next U.S. administration will not only stay away from directly
condemning Pakistan for deploying militant proxies on the Indian side
of Kashmir, but that Trump may be gearing up for a return to treating
Pakistan like any other U.S. major non-NATO ally. The trend line in
the Obama year suggested gradual distancing from Pakistan and
rapprochement with India, with New Delhi potentially having factored
in continuity in U.S. policy post-2016. Indeed, India would have
preferred if Trump had stuck with his thoughts on Pakistan in 2012,
when he tweeted the following:
When will Pakistan apologize to us for providing safe sanctuary to
Osama Bin Laden for 6 years?! Some ‘ally.’
Vipin Narang, a nuclear weapons and security studies expert and
professor at the Massachusetts Institute of Technology, told the The
Diplomat that “the one thing that would give [the Government of India]
an aneurysm is any US effort to ‘mediate’ Kashmir, which is, it sounds
like, what Trump was offering–or at least it was vague enough that
India could interpret it that way.” Narang’s right that a U.S. offer
to mediate between India and Pakistan is the last thing that would
interest New Delhi given repeated incidents of militant violence in
Kashmir since September. “On the heels of Uri and Nagrota, this is
probably the last thing India wanted to hear. Phone calls like this
where [the president-elect of the United States] goes off-script can
create problems for US policy and global security — in a volatile
nuclear-armed region — where one previously did not exist.”
“This could literally start a nuclear war,” Narang added.
Of course, Trump, once he’s adequately briefed on the situation in
South Asia and on the trajectory of the U.S.-Pakistan relationship
since 2011, may come to realize that the promises he laid out in his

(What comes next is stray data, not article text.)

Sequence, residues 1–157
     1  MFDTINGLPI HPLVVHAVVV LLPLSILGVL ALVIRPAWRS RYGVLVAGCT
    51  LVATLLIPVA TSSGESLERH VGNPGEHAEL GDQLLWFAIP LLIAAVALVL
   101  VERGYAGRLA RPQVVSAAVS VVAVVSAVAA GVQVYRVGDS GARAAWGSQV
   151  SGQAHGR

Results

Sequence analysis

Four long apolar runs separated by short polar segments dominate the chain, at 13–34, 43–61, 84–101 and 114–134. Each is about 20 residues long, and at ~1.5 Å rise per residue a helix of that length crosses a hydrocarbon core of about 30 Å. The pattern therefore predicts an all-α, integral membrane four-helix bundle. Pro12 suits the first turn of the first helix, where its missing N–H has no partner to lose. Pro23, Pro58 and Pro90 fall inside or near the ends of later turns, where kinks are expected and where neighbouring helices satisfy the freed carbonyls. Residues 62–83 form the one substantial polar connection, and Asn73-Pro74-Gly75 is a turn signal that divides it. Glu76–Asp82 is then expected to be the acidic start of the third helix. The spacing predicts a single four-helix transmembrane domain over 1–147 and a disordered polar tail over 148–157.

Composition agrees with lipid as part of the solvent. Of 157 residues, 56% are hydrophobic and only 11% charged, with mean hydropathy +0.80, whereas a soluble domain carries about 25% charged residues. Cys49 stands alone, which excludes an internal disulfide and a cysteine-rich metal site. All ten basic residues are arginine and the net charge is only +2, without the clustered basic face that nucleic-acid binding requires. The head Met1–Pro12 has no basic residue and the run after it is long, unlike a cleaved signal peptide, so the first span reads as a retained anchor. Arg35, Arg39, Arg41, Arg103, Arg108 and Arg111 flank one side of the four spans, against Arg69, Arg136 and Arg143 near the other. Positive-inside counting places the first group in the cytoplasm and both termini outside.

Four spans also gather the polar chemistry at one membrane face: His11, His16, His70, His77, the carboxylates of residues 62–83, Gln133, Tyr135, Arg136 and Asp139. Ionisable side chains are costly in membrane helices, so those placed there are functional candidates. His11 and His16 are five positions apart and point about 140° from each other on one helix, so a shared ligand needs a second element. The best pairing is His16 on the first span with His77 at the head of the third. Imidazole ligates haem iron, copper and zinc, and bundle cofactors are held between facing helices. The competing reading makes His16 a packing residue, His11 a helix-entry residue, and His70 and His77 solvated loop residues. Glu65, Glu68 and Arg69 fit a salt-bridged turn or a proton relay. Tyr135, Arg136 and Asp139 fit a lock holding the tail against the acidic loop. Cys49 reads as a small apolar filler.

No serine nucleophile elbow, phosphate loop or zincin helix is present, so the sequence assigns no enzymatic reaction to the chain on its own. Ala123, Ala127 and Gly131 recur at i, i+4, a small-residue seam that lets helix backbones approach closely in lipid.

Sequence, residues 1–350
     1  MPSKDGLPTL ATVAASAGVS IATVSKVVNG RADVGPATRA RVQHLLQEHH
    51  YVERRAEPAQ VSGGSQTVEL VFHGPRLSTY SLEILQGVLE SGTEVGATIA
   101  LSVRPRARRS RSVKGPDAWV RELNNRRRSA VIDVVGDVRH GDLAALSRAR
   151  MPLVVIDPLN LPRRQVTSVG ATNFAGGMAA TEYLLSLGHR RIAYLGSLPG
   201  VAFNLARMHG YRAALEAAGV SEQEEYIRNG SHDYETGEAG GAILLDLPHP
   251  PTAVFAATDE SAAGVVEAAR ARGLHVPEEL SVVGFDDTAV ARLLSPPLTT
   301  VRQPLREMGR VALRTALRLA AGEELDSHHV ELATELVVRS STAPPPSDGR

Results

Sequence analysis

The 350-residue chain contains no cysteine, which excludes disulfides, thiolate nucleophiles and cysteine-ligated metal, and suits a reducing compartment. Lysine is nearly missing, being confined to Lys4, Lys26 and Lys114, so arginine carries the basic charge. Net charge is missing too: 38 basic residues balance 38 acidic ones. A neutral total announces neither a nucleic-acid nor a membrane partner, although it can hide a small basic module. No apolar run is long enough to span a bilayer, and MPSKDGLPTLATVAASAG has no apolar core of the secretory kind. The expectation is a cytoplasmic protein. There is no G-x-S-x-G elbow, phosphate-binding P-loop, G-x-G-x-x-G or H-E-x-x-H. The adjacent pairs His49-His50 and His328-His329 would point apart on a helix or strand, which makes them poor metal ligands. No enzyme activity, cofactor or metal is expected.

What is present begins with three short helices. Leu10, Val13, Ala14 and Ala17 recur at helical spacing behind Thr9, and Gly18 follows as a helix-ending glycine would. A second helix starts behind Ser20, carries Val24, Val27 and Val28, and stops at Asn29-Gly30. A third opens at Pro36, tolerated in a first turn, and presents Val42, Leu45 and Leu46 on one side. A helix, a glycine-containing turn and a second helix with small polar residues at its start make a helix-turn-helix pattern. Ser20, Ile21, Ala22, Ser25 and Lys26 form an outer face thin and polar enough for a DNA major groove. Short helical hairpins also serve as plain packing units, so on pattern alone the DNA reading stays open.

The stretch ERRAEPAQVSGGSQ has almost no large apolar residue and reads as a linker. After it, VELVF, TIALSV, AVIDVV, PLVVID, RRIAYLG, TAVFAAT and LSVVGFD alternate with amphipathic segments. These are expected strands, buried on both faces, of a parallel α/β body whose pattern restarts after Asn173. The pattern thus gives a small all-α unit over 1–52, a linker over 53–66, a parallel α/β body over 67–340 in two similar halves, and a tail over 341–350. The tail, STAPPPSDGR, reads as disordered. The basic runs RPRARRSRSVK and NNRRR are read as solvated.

call with Sharif are probably untenable. That realization won’t in
itself be a positive development, since any move to pull back will
unnecessarily strain ties with Pakistan. Even if the civilian
leadership in Pakistan understands that Trump’s effusiveness on the
call was his characteristic brand of insincere exaggeration, public
opinion and even the Pakistani military’s view of the new U.S.
president may force the relationship downwards.
Is there a way to fix the damage that may have been done as a result
of this call? Trump could attempt to walk-back his ad hoc signaling by
delivering a teleprompter-based policy speech crafted by knowledgeable
staff on South Asia, but even then, the commitments laid out to the
Pakistani prime minister here are now an on-the-record fact of what
the next U.S. president has said he intends to do. That, regardless of
what comes next, will play a part in determining outcomes in U.S.
diplomacy with India and Pakistan.
Trump must understand that the stakes are exceptionally high in South
Asia given the persistent and real threat of nuclear exchange. And
while the United States’ position doesn’t directly affect tactical
decision-making by Indian and Pakistani leaders on when and if to
escalate, both sides do consider the likely U.S. reaction to
escalation in their evaluation of the available options.
Since the immediate aftermath of the Uri attack, South Asia watchers
have wrangled with the question of whether it’s likely that India and
Pakistan will once again go to war over Kashmir. Trump’s phone call to
Sharif suggests that this debate won’t end anytime soon and may indeed
persist through the next four years.
Update: Later Wednesday evening, the Trump transition team released
its own, less-detailed read-out of the call:
President-elect Trump and the Prime Minister of Pakistan Muhammad
Nawaz Sharif spoke today and had a productive conversation about how
the United States and Pakistan will have a strong working relationship
in the future. President-elect Trump also noted that he is looking
forward to a lasting and strong personal relationship with Prime
Peace Is Doable